ICD-9 Code 249.80

Secondary diabetes mellitus with other specified manifestations, not stated as uncontrolled, or unspecified

Not Valid for Submission

249.80 is a legacy non-billable code used to specify a medical diagnosis of secondary diabetes mellitus with other specified manifestations, not stated as uncontrolled, or unspecified. This code was replaced on September 30, 2015 by its ICD-10 equivalent.

ICD-9: 249.80
Short Description:Sec DM oth nt st uncontr
Long Description:Secondary diabetes mellitus with other specified manifestations, not stated as uncontrolled, or unspecified

Convert 249.80 to ICD-10

The following crosswalk between ICD-9 to ICD-10 is based based on the General Equivalence Mappings (GEMS) information:

  • E08.618 - Diabetes due to underlying condition w oth diabetic arthrop
  • E08.620 - Diabetes due to underlying condition w diabetic dermatitis
  • E08.621 - Diabetes mellitus due to underlying condition w foot ulcer
  • E08.622 - Diabetes due to underlying condition w oth skin ulcer
  • E08.628 - Diabetes due to underlying condition w oth skin comp
  • E08.630 - Diabetes due to underlying condition w periodontal disease
  • E08.638 - Diabetes due to underlying condition w oth oral comp
  • E08.65 - Diabetes due to underlying condition w hyperglycemia
  • E08.69 - Diabetes due to underlying condition w oth complication
  • E09.618 - Drug/chem diabetes mellitus w oth diabetic arthropathy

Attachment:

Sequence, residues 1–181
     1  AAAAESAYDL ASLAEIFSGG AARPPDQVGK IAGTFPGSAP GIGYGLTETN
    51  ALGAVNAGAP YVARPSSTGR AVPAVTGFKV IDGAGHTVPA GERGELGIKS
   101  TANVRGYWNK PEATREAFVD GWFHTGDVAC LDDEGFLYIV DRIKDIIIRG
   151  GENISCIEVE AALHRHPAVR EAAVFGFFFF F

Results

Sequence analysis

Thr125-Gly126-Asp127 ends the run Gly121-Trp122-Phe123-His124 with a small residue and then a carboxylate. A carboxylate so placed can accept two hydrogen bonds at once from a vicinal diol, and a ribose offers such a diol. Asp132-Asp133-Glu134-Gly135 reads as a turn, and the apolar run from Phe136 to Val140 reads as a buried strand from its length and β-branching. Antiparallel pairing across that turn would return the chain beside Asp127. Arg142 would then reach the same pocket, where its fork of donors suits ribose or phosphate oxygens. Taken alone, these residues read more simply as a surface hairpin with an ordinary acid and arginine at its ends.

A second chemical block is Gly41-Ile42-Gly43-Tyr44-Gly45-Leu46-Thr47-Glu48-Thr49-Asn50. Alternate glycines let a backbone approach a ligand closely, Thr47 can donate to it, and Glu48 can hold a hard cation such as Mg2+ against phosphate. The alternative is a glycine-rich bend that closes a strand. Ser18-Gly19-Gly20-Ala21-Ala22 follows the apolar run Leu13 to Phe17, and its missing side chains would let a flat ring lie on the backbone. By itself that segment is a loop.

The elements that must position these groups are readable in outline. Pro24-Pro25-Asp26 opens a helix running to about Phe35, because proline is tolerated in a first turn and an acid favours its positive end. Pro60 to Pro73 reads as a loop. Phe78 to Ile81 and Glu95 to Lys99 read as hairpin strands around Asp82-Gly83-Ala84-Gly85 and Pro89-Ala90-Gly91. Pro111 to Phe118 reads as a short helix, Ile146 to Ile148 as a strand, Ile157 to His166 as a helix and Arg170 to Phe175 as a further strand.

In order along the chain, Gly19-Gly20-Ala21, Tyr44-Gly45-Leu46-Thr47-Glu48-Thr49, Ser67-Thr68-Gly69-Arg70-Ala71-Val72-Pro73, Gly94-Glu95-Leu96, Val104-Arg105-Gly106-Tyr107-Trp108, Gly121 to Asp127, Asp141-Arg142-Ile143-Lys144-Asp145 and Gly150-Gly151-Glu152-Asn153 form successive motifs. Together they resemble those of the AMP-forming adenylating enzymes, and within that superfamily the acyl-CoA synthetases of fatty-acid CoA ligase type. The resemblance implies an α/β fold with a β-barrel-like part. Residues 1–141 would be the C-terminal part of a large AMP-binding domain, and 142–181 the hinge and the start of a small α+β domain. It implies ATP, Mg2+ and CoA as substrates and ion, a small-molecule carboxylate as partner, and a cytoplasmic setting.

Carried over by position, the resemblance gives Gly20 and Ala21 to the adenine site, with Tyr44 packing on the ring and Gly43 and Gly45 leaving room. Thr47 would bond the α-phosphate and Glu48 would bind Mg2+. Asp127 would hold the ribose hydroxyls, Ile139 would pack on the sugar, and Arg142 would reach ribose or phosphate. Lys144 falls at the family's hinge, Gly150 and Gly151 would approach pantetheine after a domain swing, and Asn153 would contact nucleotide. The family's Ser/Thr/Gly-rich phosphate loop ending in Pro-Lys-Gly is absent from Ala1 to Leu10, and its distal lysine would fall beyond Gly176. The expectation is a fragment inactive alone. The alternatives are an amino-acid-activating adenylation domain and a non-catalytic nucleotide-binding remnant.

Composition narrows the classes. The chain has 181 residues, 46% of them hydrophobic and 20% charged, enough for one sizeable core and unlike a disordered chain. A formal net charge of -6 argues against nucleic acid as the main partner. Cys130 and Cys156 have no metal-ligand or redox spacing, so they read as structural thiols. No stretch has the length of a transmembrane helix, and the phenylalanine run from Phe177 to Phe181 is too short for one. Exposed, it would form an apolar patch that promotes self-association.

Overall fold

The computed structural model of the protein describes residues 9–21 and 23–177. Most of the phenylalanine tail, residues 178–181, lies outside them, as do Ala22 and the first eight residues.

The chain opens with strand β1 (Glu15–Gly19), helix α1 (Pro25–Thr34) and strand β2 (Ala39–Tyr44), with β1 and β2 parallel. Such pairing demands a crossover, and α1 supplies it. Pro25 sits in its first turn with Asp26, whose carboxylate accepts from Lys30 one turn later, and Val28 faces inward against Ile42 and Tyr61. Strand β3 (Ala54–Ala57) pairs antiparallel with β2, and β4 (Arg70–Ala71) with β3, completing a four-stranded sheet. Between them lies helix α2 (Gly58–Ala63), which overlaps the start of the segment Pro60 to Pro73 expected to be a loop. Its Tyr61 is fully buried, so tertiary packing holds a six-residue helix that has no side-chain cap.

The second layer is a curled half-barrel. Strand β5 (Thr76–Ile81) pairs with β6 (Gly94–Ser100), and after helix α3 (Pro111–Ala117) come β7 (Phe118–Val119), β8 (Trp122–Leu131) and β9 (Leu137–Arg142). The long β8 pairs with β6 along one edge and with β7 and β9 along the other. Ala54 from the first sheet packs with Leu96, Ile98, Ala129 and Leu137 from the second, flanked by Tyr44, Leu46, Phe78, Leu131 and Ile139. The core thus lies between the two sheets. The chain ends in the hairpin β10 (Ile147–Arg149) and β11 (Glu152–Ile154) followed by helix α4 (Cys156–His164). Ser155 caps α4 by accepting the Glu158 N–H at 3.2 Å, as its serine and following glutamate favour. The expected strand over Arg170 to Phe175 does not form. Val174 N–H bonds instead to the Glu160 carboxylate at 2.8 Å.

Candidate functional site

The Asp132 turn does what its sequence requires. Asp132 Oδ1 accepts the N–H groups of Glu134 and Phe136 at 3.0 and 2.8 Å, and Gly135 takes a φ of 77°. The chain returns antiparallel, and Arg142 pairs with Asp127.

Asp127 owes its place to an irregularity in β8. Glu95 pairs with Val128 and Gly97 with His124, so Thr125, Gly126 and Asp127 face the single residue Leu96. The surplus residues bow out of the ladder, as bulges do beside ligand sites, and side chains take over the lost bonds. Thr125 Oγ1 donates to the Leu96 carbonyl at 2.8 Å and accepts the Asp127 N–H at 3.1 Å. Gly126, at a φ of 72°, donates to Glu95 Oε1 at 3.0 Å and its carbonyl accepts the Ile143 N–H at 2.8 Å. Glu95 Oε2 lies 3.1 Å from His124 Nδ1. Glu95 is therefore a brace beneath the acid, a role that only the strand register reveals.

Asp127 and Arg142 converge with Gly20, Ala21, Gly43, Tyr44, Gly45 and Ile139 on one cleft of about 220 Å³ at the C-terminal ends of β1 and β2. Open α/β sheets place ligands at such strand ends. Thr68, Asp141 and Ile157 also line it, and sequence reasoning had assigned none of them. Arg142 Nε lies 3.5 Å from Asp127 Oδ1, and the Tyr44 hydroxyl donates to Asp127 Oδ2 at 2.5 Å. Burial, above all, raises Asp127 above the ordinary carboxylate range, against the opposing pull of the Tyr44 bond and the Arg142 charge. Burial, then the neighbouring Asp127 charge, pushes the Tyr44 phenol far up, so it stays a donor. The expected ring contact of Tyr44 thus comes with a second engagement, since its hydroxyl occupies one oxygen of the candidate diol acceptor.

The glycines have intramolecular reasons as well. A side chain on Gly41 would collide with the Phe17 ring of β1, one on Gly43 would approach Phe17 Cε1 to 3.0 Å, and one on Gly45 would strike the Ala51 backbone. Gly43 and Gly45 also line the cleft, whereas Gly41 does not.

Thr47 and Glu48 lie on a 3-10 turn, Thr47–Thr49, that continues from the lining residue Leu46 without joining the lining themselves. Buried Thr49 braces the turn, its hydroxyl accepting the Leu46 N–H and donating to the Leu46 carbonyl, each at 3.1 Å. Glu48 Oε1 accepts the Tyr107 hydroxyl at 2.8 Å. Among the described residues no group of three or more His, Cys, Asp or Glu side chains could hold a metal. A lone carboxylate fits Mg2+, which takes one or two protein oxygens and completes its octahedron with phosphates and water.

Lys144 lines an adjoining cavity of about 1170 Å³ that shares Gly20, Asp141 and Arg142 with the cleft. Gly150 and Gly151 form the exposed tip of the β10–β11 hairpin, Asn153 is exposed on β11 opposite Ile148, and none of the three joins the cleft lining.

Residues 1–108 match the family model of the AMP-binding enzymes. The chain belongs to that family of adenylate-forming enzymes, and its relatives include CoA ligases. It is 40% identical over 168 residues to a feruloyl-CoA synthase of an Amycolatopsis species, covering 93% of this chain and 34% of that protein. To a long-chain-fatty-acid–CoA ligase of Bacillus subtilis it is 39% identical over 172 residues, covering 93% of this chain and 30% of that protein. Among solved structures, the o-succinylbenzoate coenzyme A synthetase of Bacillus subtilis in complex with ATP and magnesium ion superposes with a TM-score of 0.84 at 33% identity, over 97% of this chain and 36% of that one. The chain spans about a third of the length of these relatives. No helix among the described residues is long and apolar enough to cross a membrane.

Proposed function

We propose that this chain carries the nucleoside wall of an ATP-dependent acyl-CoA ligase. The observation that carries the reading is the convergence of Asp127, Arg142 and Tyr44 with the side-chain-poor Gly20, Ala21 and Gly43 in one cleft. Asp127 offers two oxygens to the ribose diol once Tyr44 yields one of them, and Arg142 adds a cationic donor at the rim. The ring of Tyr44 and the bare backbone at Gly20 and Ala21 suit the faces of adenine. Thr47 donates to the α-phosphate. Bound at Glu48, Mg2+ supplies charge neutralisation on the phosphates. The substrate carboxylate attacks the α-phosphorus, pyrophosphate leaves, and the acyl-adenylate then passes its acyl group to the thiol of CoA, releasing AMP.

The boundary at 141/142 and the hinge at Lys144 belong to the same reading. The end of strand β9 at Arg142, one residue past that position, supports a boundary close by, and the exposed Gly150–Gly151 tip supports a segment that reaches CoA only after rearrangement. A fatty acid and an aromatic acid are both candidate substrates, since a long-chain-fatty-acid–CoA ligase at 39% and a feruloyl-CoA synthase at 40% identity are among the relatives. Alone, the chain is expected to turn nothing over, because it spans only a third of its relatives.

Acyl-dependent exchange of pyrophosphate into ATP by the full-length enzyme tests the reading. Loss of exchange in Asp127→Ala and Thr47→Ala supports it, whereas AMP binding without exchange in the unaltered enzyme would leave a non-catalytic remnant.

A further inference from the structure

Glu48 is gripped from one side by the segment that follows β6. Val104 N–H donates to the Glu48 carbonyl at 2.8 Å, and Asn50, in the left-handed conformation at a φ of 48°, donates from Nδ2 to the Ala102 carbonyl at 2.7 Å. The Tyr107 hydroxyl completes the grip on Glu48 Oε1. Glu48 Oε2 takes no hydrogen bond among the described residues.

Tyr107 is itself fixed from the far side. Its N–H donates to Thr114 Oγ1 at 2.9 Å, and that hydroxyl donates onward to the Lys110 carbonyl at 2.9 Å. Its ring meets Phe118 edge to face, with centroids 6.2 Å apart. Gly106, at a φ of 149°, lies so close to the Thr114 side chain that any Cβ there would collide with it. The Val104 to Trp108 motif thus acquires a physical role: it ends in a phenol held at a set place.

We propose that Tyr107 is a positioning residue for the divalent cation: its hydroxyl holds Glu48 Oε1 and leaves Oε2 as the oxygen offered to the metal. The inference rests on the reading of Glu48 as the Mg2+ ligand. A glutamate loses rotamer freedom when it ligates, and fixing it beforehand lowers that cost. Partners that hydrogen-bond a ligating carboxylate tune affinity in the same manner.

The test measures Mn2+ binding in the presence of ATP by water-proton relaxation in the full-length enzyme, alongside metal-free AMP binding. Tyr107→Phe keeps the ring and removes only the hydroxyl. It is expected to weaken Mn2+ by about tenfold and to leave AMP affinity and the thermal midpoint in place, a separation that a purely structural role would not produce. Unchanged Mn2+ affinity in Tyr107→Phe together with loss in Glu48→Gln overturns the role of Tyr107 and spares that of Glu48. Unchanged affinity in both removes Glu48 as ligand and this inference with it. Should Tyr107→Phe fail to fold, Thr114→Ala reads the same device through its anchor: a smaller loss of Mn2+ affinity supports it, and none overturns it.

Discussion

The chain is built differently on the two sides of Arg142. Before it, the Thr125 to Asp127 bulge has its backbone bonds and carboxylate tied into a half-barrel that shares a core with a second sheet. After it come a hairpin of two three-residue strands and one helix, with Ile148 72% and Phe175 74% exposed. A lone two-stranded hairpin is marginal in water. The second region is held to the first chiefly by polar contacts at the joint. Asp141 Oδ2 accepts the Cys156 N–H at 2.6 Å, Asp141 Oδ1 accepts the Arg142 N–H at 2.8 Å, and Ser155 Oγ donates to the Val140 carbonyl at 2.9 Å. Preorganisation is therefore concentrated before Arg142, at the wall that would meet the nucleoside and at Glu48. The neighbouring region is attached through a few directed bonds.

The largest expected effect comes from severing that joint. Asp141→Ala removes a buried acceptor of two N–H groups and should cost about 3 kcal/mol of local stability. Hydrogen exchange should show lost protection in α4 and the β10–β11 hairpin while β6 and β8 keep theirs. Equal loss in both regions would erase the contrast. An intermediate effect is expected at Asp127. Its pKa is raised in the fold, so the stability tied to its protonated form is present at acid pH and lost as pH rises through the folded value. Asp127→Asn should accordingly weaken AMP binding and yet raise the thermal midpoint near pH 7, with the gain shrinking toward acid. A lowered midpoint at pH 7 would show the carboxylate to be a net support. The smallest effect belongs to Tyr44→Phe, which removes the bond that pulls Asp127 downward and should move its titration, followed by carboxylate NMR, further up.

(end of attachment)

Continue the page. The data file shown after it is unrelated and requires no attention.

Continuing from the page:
• E09.620 - Drug/chem diabetes mellitus w diabetic dermatitis
  • E09.621 - Drug or chemical induced diabetes mellitus with foot ulcer
  • E09.622 - Drug or chemical induced diabetes mellitus w oth skin ulcer
  • E09.628 - Drug/chem diabetes mellitus w oth skin complications
  • E09.630 - Drug/chem diabetes mellitus w periodontal disease
  • E09.638 - Drug/chem diabetes mellitus w oth oral complications
  • E09.649 - Drug/chem diabetes mellitus w hypoglycemia w/o coma
  • E09.65 - Drug or chemical induced diabetes mellitus w hyperglycemia
  • E09.69 - Drug/chem diabetes mellitus w oth complication
  • E13.620 - Other specified diabetes mellitus with diabetic dermatitis
  • E13.621 - Other specified diabetes mellitus with foot ulcer
  • E13.622 - Other specified diabetes mellitus with other skin ulcer
  • E13.628 - Oth diabetes mellitus with other skin complications
  • E13.638 - Oth diabetes mellitus with other oral complications
  • E13.649 - Oth diabetes mellitus with hypoglycemia without coma
  • E13.65 - Other specified diabetes mellitus with hyperglycemia
  • E13.69 - Oth diabetes mellitus with other specified complication

Code Classification

  • Endocrine, nutritional and metabolic diseases, and immunity disorders (240–279)
    • Diseases of other endocrine glands (249-259)
      • 249 Secondary diabetes mellitus

Information for Medical Professionals

Synonyms

  • Diabetes mellitus associated with pancreatic disease
  • Malnutrition-related diabetes mellitus without complications
  • Protein-deficient diabetes mellitus
  • Secondary diabetes mellitus

Information for Patients


Diabetes

Also called: DM, Diabetes mellitus

Diabetes is a disease in which your blood glucose, or blood sugar, levels are too high. Glucose comes from the foods you eat. Insulin is a hormone that helps the glucose get into your cells to give them energy. With type 1 diabetes, your body does not make insulin. With type 2 diabetes, the more common type, your body does not make or use insulin well. Without enough insulin, the glucose stays in your blood. You can also have prediabetes. This means that your blood sugar is higher than normal but not high enough to be called diabetes. Having prediabetes puts you at a higher risk of getting type 2 diabetes.